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The Greatest Westerns That Don't Take Place In The Old West

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Vote up the greatest Westerns that don't actually take place in the Old West.

They don't make Westerns like they used to. Much like the Wild West itself, the production of Western movies has largely faded away since the genre's golden age, which lasted from the 1940s through the 1960s. However, that doesn't mean Western films stopped being made once Monument Valley stopped being the location du jour.

The tradition of the Western continued to live on - and does so to this day. The spirit of the West was simply transplanted to small 20th-century towns, the Australian wilderness, Iranian ghost towns, and even post-apocalyptic wastelands. These films take instantly recognizable elements of Old West movies and simply take them out of the West, often blending them with other genres and settings no 19th-century cowboy would ever recognize. Some of the best "Westerns" in this vein don't take place in the West at all. The genre has proven just as malleable from a temporal standpoint, with Westerns popping up in every era, including those yet to come.

These are a handful of the greatest Western movies that left the Old West behind.

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  • No Country for Old Men
    Photo: Miramax

    This Oscar-winning film from the Coen Brothers truly does feel like it's set in the Old West, even though it takes place in 1980. The West Texas desert aesthetic certainly helps the film in that regard, but the real Western influences come from the no-frills storytelling and breathtaking tension.

    The film features side arms, desert chases, and an unforgettable villain with a twisted moral code.

    • Actors: Josh Brolin, Javier Bardem, Tommy Lee Jones, Kelly Macdonald, Woody Harrelson
    • Released: 2007
    • Directed by: Joel Coen, Ethan Coen
    43 votes

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  • 2
    17 VOTES

    Set in 1990s South Texas, this neo-Western mystery follows a small town sheriff as he investigates the homicide of another sheriff 40 years earlier. He is shocked to find out that the prime suspect is none other than his late father and former sheriff, played by Matthew McConaughey.

    While the movie is not set in the Old West, this story about lawmen and dark secrets - in Texas, no less - certainly counts as a Western.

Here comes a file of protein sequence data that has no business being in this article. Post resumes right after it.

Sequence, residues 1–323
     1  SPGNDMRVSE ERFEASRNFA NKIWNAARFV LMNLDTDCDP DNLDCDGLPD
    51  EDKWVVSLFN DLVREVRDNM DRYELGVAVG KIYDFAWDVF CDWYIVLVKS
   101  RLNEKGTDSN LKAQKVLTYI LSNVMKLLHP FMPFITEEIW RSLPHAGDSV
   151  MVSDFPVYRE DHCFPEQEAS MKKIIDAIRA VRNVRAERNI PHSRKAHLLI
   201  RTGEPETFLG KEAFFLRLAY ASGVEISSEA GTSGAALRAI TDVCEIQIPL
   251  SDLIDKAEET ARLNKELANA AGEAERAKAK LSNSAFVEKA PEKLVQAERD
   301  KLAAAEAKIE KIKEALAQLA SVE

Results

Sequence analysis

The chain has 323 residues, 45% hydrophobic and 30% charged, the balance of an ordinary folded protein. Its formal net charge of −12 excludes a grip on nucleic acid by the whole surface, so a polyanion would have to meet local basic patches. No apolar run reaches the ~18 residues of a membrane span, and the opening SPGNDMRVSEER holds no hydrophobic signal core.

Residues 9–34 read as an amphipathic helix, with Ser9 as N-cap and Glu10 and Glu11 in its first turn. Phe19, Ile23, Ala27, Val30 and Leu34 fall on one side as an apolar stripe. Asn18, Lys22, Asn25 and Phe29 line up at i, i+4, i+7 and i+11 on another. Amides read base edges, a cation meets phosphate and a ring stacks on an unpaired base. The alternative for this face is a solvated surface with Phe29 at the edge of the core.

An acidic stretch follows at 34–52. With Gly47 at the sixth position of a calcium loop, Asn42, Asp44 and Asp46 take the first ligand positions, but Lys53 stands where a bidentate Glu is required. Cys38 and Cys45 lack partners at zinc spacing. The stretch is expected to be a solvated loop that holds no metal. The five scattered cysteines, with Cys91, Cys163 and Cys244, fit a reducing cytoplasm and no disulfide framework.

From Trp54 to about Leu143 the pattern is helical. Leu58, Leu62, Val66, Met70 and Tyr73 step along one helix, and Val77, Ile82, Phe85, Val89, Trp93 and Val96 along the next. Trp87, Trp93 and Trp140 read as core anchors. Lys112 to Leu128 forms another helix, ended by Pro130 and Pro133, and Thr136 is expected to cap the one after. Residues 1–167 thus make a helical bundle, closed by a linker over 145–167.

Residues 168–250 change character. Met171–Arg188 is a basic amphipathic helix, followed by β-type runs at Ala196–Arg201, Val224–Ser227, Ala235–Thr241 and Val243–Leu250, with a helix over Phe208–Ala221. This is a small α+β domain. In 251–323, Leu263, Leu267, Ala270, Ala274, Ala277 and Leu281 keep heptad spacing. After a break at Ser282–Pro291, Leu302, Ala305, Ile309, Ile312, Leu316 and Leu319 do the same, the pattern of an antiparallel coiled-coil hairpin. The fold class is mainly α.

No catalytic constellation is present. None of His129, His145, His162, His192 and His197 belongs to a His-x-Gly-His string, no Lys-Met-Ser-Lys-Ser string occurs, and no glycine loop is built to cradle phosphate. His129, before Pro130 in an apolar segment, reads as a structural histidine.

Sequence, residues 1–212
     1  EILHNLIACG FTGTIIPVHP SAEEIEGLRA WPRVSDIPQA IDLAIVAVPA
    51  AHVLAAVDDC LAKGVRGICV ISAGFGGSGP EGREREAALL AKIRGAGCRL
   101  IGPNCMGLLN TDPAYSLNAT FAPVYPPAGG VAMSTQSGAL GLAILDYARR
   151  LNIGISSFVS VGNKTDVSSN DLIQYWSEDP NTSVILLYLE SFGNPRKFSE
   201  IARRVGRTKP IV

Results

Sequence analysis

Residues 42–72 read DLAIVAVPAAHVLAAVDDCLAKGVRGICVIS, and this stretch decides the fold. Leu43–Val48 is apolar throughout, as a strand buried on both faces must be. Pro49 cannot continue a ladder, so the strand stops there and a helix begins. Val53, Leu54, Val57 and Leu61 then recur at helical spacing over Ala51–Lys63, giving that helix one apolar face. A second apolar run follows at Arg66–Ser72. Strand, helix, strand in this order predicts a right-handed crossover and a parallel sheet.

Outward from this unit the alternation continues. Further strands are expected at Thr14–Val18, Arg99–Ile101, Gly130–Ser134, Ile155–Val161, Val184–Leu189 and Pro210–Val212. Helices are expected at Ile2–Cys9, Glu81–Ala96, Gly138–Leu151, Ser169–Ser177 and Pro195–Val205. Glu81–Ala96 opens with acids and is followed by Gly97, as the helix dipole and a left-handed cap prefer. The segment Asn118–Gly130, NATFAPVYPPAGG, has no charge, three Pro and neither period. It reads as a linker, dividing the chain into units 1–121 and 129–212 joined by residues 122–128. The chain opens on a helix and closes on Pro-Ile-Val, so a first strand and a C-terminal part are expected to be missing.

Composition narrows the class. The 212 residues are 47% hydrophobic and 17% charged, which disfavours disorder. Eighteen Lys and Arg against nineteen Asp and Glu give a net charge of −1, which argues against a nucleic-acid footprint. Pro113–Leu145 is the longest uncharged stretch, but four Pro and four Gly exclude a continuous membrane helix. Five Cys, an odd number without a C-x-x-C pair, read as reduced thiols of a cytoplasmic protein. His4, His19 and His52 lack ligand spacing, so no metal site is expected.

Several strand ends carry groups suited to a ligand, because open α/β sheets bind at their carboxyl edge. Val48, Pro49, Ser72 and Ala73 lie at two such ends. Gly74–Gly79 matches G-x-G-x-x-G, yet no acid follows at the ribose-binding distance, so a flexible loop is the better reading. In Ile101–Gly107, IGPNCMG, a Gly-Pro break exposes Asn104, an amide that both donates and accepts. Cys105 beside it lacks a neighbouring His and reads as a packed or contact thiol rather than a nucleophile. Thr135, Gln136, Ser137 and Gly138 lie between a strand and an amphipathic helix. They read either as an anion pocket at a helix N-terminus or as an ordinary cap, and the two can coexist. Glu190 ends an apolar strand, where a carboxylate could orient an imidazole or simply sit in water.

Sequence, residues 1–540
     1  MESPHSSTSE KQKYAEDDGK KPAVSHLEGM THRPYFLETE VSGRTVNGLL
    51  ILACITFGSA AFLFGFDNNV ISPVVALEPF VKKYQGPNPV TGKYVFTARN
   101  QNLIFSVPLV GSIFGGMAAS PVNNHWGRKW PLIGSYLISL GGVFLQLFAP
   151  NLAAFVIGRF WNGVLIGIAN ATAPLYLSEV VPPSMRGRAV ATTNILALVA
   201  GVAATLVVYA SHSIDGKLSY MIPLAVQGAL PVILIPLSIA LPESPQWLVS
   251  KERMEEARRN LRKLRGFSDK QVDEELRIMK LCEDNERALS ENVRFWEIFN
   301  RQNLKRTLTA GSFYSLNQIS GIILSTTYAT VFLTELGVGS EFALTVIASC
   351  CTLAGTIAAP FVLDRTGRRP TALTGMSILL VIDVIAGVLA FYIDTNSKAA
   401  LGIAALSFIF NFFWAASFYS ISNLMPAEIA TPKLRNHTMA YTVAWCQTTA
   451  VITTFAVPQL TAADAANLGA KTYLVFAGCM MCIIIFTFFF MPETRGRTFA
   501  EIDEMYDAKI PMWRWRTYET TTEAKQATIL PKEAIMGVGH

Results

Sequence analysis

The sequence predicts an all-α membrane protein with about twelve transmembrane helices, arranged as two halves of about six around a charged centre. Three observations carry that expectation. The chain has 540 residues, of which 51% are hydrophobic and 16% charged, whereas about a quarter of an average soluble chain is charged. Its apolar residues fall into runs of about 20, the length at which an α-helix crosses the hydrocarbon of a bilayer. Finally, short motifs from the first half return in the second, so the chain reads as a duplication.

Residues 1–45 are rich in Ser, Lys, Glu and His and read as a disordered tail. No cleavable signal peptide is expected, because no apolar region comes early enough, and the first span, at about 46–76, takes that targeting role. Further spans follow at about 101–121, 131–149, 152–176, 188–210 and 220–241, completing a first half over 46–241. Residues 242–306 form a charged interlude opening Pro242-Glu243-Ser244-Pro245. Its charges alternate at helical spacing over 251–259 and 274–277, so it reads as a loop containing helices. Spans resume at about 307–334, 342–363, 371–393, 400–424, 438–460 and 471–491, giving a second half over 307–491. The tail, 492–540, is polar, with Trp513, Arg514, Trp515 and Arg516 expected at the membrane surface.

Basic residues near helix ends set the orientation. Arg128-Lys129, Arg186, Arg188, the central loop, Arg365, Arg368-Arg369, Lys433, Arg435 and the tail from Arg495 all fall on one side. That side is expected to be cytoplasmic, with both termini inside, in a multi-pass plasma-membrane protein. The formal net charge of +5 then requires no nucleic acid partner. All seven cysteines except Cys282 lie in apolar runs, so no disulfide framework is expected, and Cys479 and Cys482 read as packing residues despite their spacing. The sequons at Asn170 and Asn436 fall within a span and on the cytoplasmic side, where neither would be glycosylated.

• Actors: Chris Cooper, Elizabeth Peña, Joe Morton, Ron Canada, Clifton James
    • Released: 1996
    • Directed by: John Sayles
    17 votes

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  • Putting Tommy Lee Jones in a movie is almost enough to make any movie a de facto Western, but Three Burials accomplishes that tone with or without him. That's because the movie is based on the true story of a Texas teenager who was taken out by a US Marine near the border.

    In the film - which Jones also directed - an undocumented immigrant meets an untimely end after a border patrolman mistakes his firing at a coyote for an attempt on his life. In response to the cover-up, the departed's friend and one-time employer Pete Perkins (Jones) takes matters into his own hands, taking the culprit hostage and digging up his friend's remains in order to return them across the border to their rightful resting place.

    • Actors: Tommy Lee Jones, Barry Pepper, Levon Helm, Melissa Leo, January Jones
    • Released: 2005
    • Directed by: Tommy Lee Jones
    24 votes

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  • 4
    16 VOTES
    The Misfits
    Photo: MGM

    The Misfits is remembered for being the last film of both Marilyn Monroe and Clark Gable, with Gable succumbing to complications from a heart attack before the film's 1961 premiere and Monroe passing the following year.

    The iconic blonde bombshell stars as a former exotic dancer turned Nevada horse wrangler as she navigates a world filled with men. It's a touching romantic drama and makes great use of its Western setting.

    • Actors: Clark Gable, Marilyn Monroe, Montgomery Clift, Thelma Ritter, Eli Wallach
    • Released: 1961
    • Directed by: John Huston
    16 votes

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  • 5
    14 VOTES

    Paul Newman stars in Hud as the title character, a morally scrupulous rancher's son who comes into constant conflict with his father Homer. After one of the cows at the ranch perishes from a mysterious disease, Hud and Homer fight over how to handle the situation.

    This slow-burn drama is set in the contemporary 1960s, but its Texas Panhandle setting and thoughtful ruminations on the value of morality clearly evoke a particular strain of Western lineage.

    • Actors: Paul Newman, Melvyn Douglas, Patricia Neal, Brandon De Wilde, John Ashley
    • Released: 1963
    • Directed by: Martin Ritt
    14 votes

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  • 6
    27 VOTES

    Hugh Jackman's last appearance as Wolverine is perhaps his best, and it's one of the best neo-Westerns of the decade. The film follows an old, grizzled Logan in a future in which the X-Men are all but gone. He and Professor Xavier are living near the border when they're approached by a woman desperate for their help, and Logan reluctantly agrees to look after a child.

    There are many parallels to this film and the last days of the Old West - especially the themes about generational cycles and the end of an old way of life - and Logan explicitly calls to mind George Stevens's classic Western Shane.

    • Actors: Hugh Jackman, Patrick Stewart, Dafne Keen, Richard E. Grant, Doris Morgado
    • Released: 2017
    • Directed by: James Mangold
    27 votes

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